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Why the 2009 summer reminds 6News Meteorologist Alex Harrington of summer in Wisconsin.
What are the chances another major hurricane could make a landfall, on the same date, in the same town?
For many meteorological purposes, we define summer to be "June-August" rather than the typical astronomical summer of June 21-September 22 (from the summer solstice to autumnal equinox).
6News Meteorologist Alex Harrington tells us just what "potential energy" is, and why you can actually sense it by stepping outside Wednesday night.
Meteorologist Alex Harrington tells us just how Wednesday’s Midwest storm may help those on the United States East Coast breathe just a little bit better.
Meteorologist Alex Harrington sheds a little sunlight on some reasons why recent sunrises have been so beautiful.
The Perseid meteor shower has become an annual summer event for some sky-watchers. This year, Wednesday will mark the day (or night as it were).
So, it turns out that August is now officially my least favorite month. I'm not a fan of the heat. I can tolerate it, but would much rather have cooler weather all summer long. Oh well, every year I don't get my way.
6News Meteorologist Alex Harrington explains just why we can jump and fall so quickly when the air is dry.
The first couple weeks of summer were so hot that it looked like we had a long stretch of intense summer heat ahead of us. However, after 12 days over 90 in June — even hitting 100 — we've only topped 90 three times in July.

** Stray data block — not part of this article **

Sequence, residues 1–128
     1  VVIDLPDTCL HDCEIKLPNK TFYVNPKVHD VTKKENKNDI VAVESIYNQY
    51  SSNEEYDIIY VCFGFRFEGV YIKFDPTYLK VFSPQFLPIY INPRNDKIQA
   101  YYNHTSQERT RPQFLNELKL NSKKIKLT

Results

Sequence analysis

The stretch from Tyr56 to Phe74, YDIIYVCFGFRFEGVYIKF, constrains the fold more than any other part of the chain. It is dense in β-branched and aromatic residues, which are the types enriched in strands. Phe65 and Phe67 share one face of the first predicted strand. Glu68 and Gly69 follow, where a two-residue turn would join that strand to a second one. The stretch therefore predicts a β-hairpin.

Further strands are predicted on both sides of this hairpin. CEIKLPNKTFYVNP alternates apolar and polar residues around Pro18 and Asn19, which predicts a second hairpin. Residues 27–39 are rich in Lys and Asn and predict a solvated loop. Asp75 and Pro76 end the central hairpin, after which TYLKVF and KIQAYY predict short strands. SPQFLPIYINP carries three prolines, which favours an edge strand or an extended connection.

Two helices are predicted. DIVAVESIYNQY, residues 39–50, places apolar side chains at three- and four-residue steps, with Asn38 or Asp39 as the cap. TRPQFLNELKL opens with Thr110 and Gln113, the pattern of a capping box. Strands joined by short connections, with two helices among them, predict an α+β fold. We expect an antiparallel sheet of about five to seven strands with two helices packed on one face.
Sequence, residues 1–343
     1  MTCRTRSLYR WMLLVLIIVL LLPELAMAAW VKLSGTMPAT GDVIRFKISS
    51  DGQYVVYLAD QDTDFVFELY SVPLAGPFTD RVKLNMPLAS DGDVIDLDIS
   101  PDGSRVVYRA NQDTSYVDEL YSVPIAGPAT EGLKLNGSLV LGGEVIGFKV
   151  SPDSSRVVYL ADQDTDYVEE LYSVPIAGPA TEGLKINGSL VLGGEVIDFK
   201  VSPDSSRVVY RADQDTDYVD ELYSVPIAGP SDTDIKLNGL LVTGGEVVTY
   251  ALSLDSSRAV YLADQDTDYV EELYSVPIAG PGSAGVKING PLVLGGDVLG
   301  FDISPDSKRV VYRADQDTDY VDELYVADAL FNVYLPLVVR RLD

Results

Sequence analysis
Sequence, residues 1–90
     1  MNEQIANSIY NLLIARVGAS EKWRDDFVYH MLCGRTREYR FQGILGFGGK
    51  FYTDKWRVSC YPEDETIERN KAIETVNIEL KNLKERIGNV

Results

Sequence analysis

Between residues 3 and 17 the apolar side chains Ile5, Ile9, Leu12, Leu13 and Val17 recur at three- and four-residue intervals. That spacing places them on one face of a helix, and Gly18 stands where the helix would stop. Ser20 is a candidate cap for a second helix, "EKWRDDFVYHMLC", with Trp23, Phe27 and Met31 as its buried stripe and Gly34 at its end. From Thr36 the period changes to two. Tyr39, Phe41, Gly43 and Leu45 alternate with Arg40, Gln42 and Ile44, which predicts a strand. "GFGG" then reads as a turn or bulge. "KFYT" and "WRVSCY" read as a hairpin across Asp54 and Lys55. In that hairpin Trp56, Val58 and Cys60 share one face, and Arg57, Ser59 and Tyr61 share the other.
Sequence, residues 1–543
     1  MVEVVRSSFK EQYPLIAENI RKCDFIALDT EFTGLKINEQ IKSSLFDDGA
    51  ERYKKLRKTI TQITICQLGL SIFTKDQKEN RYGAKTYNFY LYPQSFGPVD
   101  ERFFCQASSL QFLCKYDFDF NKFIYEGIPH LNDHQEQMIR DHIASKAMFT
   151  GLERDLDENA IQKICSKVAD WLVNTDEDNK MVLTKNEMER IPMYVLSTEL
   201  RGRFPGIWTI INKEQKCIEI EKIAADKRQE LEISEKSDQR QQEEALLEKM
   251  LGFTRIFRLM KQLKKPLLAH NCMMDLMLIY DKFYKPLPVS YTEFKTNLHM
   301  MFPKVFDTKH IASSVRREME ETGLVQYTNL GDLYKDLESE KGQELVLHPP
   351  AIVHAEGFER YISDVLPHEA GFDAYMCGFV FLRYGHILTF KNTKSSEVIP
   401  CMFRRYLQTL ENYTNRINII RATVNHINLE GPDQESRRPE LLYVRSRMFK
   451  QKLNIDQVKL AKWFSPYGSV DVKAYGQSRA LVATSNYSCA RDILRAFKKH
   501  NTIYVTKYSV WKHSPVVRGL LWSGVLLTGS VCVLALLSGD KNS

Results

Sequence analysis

6News Meteorologist Alex Harrington explains just how you can save a few bucks this weekend owing to cool, dry weather.
6News Meteorologist Alex Harrington explains some of the reasons why winds blow straight in some thunderstorms, but twist in others.
Well, if you haven't noticed by now there is most definitely a connection between how humid it is and what the dewpoint is.
There has been a lot of talk about the storms that rolled through eastern Kansas on Wednesday, and the assessment of the storm is finished by the National Weather Service.
We often complain about the Kansas heat and humidity. Myself included. However, in one respect we can consider ourselves a bit lucky.
Why a potential back off in "hottest" temperatures may increase thunderstorm chances in Northeast Kansas through the weekend.
It's like a heat wave... Whether it's the forecast or a song by Martha and the Vandellas, the phrase "heat wave" is often overused. Probably because when day after day of heat and humidity set in, everyone is talking about it and there just aren't enough good phrases to sum up the unpleasant weather.
You might have always hoped for the corner office just for the view from the corner window. NASA is working to give the crew of the International Space Station a new workspace with the best view yet.
So looking ahead to the next few days, there is most definitely one thing that is apparent. The models are teasing us with a bigger cool down than we'll actually see. This is a case-in-point of why you can't just trust a computer program or automated website to get your forecast.
Believe it or not, parts of the American Midwest see some of the hottest temperatures in the world during summer months. While the actual temperature may not be all that impressive — 100°F is commonly reached all over the world — the Midwest humidity can make it feel much, much worse.